Four years ago, Ronnie walked through the doors of Literacy Connections and began working with a tutor so he could learn to read. Ronnie remarks, "I love Connor's ability to teach me and I understand more with his help. The key is open communication and having a great relationship." Connor is using his English degree to become a teacher, and he is regularly here in the center working with Ronnie.

Ronnie's optimism is amazing after all he has been through. He gives encouragement to the other students in the center telling them, "Do not waste any time. Failure is not an option. You fail because you gave up. Now, I love to read!" Ronnie has focused on reading the Bible during his time at Literacy Connections and is working on completing his eighteenth book, the book of Job. Ronnie's wife, children, friends, and church are very proud of him, and so is the staff of Literacy Connections. He inspires us to never give up! His message is one we carry to others in the community who may be caught in the private struggle of illiteracy. In the words of Ronnie Singleton, "once you come through the Literacy Connections doors, there are people waiting with open arms to help."

Billie Jo came to Bank On Wayne (BOW) through the Housing Authority of Goldsboro's ROSS (Resident Opportunity for Self-Sufficiency) program. She is a single mom currently living in public housing, but Billie Jo is highly motivated to transition to an independent lifestyle. At the time she started BOW, Billie Jo was employed part-time, but after completing the training on budgeting she began to recognize that she was going to need full-time employment in order to come up with a balanced budget. The company she worked for offered her additional hours, however public transportation was her only option at that time, and the bus schedule would not accommodate the available work schedule. One of her financial goals was to buy a car and eliminate this barrier. Bank On Wayne Program Manager, Lee Hulse provided one-on-one coaching to help Billie Jo use the information she had learned to create a plan to achieve her goals. Following the plan, saving her money, Billie Jo was able to successfully purchase a car and take on the additional hours at work. She felt empowered. The plan worked! One of the important lessons taught through Bank On Wayne is to plan for the unexpected, however that cushion takes time to build, and Billie Jo was faced with a major car repair before her budget was able to handle it. She again, used the information she was taught, and pulled out her budget to see what she could juggle to get the car repaired and get back on the plan as soon as possible, but the cost of the repair was too high. It threatened to derail all her hard work. She was referred to the Society of St. Vincent de Paul for assistance with the car repair. As she presented her case to the representative at SSVDP, she pulled out her budget that she had developed through the Bank On Wayne program. The representative asked her where she learned to do that, and Billie Jo told them about the BOW program and how the program had helped her to develop a workable plan to assist her in transitioning to an independent life. SSVDP was so impressed with Billie Jo's knowledge and dedication to improving her situation by utilizing the tools she had learned, that they provided the one-time funds to cover the car repair that would get Billie Jo back to work, and back on her plan. Billie Jo has made great progress in a short period of time, and she has not allowed a set-back to deter her from her goals.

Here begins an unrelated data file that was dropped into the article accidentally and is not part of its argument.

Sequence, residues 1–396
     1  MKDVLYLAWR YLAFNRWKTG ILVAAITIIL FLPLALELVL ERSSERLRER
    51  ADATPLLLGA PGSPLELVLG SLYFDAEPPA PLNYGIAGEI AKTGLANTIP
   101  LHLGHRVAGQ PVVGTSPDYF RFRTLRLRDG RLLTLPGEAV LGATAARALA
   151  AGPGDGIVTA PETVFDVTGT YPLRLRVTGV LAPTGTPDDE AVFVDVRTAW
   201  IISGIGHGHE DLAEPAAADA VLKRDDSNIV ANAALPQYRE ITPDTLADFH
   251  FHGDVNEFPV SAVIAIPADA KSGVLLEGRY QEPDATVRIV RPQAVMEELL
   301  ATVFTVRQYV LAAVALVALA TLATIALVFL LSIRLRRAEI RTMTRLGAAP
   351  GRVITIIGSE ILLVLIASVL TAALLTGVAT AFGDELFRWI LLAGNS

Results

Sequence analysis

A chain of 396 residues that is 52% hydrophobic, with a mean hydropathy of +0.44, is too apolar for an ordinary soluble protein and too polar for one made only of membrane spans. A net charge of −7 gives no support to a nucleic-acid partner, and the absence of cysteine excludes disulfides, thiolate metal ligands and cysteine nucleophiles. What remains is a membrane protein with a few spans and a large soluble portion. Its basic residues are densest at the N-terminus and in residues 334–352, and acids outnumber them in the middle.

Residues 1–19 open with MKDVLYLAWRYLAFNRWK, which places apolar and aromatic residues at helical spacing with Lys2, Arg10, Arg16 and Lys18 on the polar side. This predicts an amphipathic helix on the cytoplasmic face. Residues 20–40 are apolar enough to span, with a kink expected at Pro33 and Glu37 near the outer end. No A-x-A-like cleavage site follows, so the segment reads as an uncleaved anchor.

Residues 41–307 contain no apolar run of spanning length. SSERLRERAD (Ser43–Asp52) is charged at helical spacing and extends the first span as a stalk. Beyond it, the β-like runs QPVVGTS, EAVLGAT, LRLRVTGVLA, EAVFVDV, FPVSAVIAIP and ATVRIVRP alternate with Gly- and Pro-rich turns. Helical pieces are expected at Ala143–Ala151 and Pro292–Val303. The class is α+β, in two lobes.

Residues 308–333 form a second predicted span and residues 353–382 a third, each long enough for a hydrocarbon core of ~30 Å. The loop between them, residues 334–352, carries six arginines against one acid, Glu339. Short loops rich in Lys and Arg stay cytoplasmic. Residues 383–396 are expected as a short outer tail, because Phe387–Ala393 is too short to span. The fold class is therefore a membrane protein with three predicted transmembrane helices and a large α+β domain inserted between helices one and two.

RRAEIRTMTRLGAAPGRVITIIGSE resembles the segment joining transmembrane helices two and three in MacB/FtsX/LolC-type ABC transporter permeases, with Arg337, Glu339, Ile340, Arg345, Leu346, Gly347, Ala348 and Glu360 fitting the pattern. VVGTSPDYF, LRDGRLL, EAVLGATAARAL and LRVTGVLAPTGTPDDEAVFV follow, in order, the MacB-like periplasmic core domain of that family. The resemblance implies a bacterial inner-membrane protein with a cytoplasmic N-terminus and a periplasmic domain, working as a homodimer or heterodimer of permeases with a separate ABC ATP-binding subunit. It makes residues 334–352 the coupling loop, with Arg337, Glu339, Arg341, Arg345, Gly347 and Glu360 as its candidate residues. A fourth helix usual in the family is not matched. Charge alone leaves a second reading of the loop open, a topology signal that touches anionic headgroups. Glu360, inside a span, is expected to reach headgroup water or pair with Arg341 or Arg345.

Program’s Demographics/Metrics

Literacy Connections provided 125 people with financial literacy education on budgeting, banking and credit in 2017.

Two adults graduated from the local community college and are pursuing higher education in nursing. One of them has received her certificate in home health and is seeking employment in her field.

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Program Status:
Active